The age of majority in Arizona is 18, and parents who are paying child support often assume that they will no longer be required to make payments once their child reaches this age. However, this is not always the case. Child support payments may sometimes continue if the child is disabled or is still attending high school. Parents should also be aware that the payments will not automatically stop after their child’s eighteenth birthday, and they are required to request that the support be terminated.
In certain situations, the child support obligation may end before a child turns 18. Payments may cease if a child becomes emancipated. Children may be considered emancipated under the Arizona laws regarding child support if they leave home, join the military, get married or become financially independent.
Changes in a parent’s circumstances could lead to their obligation to pay child support being modified. If one parent begins to earn far more or less money, an appeal can be made to the court for a child support payments to be adjusted. This sometimes happens when the parent paying child support becomes unemployed or the custodial parent receives a significant pay raise. An Arizona family court judge decides if a child support modification is warranted.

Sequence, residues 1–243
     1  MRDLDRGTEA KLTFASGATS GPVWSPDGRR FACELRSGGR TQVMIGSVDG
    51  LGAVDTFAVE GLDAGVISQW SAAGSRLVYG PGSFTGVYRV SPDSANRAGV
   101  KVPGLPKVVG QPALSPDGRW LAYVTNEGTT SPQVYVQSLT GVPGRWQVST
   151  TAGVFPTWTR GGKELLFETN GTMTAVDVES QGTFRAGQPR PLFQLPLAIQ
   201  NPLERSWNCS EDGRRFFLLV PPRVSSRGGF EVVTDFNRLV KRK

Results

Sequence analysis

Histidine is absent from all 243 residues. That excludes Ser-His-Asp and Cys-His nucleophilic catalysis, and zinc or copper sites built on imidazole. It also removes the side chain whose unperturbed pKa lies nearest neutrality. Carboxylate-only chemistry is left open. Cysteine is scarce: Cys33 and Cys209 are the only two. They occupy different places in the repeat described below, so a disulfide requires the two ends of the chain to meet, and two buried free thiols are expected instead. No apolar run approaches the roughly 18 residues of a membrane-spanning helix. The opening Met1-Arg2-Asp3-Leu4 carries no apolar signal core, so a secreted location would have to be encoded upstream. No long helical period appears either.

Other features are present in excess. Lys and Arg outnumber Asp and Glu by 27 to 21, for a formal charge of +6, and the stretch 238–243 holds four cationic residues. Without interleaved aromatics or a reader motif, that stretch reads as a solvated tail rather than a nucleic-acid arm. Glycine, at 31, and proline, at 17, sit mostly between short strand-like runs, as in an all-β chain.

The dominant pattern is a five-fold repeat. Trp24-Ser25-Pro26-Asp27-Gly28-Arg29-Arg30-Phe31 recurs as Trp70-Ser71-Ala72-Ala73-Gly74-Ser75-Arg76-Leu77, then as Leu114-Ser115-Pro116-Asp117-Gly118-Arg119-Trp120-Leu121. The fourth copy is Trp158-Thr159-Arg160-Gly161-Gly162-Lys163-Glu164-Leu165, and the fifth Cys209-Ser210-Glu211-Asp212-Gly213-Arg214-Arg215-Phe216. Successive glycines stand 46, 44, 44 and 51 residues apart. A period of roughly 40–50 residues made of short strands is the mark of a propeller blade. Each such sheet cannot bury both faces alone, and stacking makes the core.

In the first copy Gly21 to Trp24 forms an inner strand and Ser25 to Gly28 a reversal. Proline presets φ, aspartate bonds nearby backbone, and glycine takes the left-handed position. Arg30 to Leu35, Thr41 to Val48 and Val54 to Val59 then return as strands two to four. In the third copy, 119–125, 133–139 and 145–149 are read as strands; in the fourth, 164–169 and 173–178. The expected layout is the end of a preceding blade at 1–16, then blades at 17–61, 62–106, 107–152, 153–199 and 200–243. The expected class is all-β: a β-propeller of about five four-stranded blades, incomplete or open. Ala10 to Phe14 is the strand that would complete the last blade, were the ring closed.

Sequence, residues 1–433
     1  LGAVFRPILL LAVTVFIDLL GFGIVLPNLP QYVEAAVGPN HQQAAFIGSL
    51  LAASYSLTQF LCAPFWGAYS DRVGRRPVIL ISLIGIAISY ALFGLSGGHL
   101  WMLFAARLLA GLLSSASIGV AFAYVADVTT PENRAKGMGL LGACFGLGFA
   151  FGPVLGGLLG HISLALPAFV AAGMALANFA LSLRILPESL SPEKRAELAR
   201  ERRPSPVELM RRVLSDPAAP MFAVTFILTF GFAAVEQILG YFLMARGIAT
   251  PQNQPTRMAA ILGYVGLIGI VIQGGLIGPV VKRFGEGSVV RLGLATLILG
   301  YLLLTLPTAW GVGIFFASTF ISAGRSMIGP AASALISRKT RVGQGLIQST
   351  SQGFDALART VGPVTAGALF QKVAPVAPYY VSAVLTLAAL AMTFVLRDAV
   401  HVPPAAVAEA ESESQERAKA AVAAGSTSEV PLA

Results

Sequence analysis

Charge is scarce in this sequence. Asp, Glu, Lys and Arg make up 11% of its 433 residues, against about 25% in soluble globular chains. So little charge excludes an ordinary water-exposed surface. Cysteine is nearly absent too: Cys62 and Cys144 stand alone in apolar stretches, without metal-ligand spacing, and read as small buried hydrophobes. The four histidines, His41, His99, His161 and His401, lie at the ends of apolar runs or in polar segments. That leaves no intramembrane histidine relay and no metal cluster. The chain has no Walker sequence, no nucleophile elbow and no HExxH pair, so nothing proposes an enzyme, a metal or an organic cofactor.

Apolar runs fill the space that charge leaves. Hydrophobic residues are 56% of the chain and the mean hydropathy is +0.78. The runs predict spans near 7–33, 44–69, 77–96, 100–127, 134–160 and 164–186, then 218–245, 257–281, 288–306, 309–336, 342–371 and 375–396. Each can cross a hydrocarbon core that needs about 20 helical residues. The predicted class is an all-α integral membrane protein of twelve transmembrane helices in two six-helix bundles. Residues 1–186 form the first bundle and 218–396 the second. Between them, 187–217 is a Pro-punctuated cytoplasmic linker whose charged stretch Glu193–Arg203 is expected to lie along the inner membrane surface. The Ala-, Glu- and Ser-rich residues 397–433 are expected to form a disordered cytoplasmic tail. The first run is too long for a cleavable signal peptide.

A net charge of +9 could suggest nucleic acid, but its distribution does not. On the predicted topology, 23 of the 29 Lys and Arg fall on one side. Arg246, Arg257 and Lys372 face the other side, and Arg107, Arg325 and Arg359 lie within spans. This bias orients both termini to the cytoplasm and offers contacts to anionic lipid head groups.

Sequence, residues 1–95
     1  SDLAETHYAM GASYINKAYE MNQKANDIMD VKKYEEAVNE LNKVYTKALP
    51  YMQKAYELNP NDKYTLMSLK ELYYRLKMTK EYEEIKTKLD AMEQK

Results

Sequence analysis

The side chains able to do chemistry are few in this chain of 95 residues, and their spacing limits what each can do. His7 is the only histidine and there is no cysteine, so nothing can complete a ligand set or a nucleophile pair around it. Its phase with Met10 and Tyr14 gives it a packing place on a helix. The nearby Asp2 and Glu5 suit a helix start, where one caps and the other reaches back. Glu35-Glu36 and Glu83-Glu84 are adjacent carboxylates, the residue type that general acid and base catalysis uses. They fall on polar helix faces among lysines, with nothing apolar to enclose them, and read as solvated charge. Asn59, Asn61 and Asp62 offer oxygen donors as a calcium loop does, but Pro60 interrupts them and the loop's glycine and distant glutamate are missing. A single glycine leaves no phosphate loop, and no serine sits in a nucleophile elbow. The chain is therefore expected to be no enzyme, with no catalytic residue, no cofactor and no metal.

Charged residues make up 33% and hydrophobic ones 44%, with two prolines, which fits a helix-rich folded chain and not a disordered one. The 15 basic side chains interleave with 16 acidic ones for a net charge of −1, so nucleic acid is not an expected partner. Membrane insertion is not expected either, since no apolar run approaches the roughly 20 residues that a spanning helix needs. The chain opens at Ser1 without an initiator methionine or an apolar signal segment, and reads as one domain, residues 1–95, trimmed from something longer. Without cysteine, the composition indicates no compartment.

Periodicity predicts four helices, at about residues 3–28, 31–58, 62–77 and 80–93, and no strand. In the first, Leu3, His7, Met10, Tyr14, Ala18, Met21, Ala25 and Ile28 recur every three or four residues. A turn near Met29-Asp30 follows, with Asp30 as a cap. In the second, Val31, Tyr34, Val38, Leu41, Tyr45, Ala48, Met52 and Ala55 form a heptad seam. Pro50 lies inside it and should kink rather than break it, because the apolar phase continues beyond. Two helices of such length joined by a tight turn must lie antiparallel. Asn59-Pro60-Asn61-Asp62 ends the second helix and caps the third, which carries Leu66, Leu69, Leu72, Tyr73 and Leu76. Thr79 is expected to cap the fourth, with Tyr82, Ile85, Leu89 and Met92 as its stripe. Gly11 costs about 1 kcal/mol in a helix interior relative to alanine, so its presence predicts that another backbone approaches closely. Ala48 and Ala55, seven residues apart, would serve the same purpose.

Parents are often willing to make significant sacrifices for their children, but this does not always prevent discussions over child support becoming contentious. A family law attorney can explain how the Arizona Child Support Guidelines are applied and can also point out factors that may lead to a support order being miscalculated. Such factors could include undisclosed income or expenses that are likely to increase over time. An attorney could also advocate in court on behalf of parents seeking, or objecting to, a child support modification order.
Source: FindLaw, “When Does Child Support End?”, accessed on Feb. 18, 2015